These are the questions Gerard Lemos seeks to answer in The End of the Chinese Dream. The British sociologist tackled the challenges facing UK housing estates in The Communities We Have Lost and Can Regain (1997), co-written with Michael Young. In his new book Lemos turns his eye on Chongqing, the urban district of 33m in southern China where he worked as a visiting professor between 2006 and 2010, and now familiar to westerners as the scene of the murder of British businessman Neil Heywood.
Lemos’s conclusions are bleak. By conducting a poll of 1,400 people, Lemos lifts the lid on systemic social problems: lack of healthcare, a broken education system, distorted family structures due to the one-child policy and no recourse for those whose property is seized by the state – which happens regularly.

Read More - Financial Times - The hidden kingdom

Tuesday, 7 August 2012

Mainland Malaise


The End of the Chinese Dream

Gerard Lemos, a former visiting professor in China from the United Kingdom, paints a disturbing picture of the failure of China’s extraordinary economic growth to benefit hundreds of millions of Chinese citizens. After conducting a remarkable survey in China, Lemos links the economic problems and fears of ordinary Chinese to the policies of China’s authoritarian leadership, both local and national. Although most of Lemos’s research occurs in Chongqing, where the recently deposed Politburo member Bo Xilai was party secretary, the problems he describes exist throughout China.

In The End of the Chinese Dream: Why Chinese People Fear the Future, Lemos concludes that “the People’s Republic of China is now run by the wealthy for the benefit of the wealthy.” Hundreds of millions of ordinary Chinese are the losers. They are “deeply insecure about themselves and their future” he writes, just when the rest of the world has become “star-struck by the apparent prospect of China’s imminent glory.”

Read More - America Magazine - Mainland Malaise

Wednesday, 1 August 2012

The Chinese Awakening

A new book pinpoints the anxieties ordinary Chinese feel.

Like a share listed on an exchange, the world's perception of China fluctuates as foreigners go from bullish to bearish. One gauge of how the country's image is faring is the latest crop of China books. Three years ago, when the country seemed like the inevitable superpower, Martin Jacques came out with "When China Rules the World." A book titled "What the U.S. Can Learn from China" even advised the apparently dysfunctional United States to take a page or two from Beijing's playbook.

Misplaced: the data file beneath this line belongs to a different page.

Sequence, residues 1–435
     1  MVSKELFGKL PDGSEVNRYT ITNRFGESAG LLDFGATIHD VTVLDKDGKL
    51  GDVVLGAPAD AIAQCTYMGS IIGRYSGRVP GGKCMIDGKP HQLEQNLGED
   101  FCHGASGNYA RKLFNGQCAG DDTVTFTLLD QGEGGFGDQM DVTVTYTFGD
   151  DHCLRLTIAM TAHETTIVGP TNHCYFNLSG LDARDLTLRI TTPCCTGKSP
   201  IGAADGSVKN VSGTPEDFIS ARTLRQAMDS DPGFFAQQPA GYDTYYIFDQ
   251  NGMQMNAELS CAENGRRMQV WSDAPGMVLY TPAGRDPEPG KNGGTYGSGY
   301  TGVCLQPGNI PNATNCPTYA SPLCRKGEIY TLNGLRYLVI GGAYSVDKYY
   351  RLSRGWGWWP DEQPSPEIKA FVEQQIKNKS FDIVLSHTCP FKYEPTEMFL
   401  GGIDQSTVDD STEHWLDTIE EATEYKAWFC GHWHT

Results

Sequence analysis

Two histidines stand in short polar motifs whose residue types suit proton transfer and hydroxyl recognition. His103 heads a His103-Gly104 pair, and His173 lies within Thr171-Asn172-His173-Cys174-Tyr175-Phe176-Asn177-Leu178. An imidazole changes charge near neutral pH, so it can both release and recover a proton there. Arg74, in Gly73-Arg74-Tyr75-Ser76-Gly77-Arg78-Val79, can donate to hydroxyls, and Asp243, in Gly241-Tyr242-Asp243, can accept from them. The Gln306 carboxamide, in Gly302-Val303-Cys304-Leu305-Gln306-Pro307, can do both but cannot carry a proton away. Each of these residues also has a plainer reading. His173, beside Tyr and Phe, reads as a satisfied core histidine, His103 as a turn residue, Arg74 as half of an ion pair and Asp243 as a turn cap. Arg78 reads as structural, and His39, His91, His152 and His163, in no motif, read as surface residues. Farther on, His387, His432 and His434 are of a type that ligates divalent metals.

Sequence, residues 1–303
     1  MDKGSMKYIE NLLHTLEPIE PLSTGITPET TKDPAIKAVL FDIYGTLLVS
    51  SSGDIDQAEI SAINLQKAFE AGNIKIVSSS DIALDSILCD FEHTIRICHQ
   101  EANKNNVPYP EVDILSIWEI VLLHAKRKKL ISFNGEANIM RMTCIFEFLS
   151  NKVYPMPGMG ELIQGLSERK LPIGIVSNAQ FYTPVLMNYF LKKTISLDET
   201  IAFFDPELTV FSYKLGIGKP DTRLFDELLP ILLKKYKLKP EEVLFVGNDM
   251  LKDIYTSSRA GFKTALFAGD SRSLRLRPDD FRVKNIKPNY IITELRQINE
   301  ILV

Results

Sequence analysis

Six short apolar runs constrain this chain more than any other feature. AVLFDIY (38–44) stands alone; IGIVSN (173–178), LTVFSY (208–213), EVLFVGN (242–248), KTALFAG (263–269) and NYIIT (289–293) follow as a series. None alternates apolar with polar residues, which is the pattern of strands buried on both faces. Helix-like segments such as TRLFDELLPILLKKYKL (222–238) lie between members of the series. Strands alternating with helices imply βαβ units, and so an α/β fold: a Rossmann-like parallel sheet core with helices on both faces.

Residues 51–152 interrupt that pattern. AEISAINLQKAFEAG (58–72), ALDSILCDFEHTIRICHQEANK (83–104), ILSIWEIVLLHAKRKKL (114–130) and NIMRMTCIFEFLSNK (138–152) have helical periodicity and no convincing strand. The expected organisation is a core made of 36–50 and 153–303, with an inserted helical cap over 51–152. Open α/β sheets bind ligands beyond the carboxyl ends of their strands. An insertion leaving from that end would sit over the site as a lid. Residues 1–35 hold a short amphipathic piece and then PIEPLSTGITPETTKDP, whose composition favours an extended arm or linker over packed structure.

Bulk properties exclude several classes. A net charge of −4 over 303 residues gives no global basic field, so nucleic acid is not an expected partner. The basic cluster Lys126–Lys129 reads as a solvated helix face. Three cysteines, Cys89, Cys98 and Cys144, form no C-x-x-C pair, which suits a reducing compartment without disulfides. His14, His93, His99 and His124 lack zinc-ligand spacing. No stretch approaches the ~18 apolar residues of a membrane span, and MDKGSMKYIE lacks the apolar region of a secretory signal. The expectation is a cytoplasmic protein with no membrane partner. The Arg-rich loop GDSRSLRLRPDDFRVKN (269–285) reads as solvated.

Now China is caught in a downward spiral of sentiment, thanks to a precipitous economic slowdown and the exposure of the Bo Xilai affair. This downbeat mood was first reflected in March with Shaun Rein's "The End of Cheap China: Economic and Cultural Trends That Will Disrupt the World." Gerard Lemos's "The End of the Chinese Dream: Why Chinese People Fear the Future," captures it even better, because he nails the anxiety middle-class Chinese are feeling.

Read More - The Wall Street Journal - The Chinese Awakening

Protests show fears of Chinese kids

Gerard Lemos August 01, 2012

Last month's environmental protests in Shifang saw the unprecedented involvement of children who have a fear of the future in China, says Gerard Lemos.

“I wish the stream outside my house
won’t be murky anymore
The decision to cancel the metal refinery project in Shifang last month after protesters clashed with the police has been widely reported in the Chinese and global media. This is not the first time a project has been shelved due to public demonstrations. The same happened in Xiamen in 2008 and Dalian in 2011.

However, less widely noted internationally was the apparently unprecedented involvement of children and young people in Shifang. Much discussed on the internet, this has not gone unnoticed in the Chinese media. Commenting on this new trend, the Global Times evoked unhappy memories of the Cultural Revolution when young people, as Red Guards, were at the forefront of upheaval and “showed a tendency to violence and cruelty”.

In the past children may not have “rushed to the…protest scene to support a demand made by adults” as reported by the Global Times in Shifang, but in the consultation activities I undertook in Chongqing, a city in south west China, in 2007 and 2008 (published in July by Yale University Press in The End of the Chinese Dream: Why Chinese people fear the future) the concerns of children about the environment – globally and locally – were all too evident. As in the West, children and young people will play a big role in shaping public attitudes to environmental problems in the future and policymakers would be unwise to ignore them.

Read More - Chiandialogue - Protests show Chinese kids' fears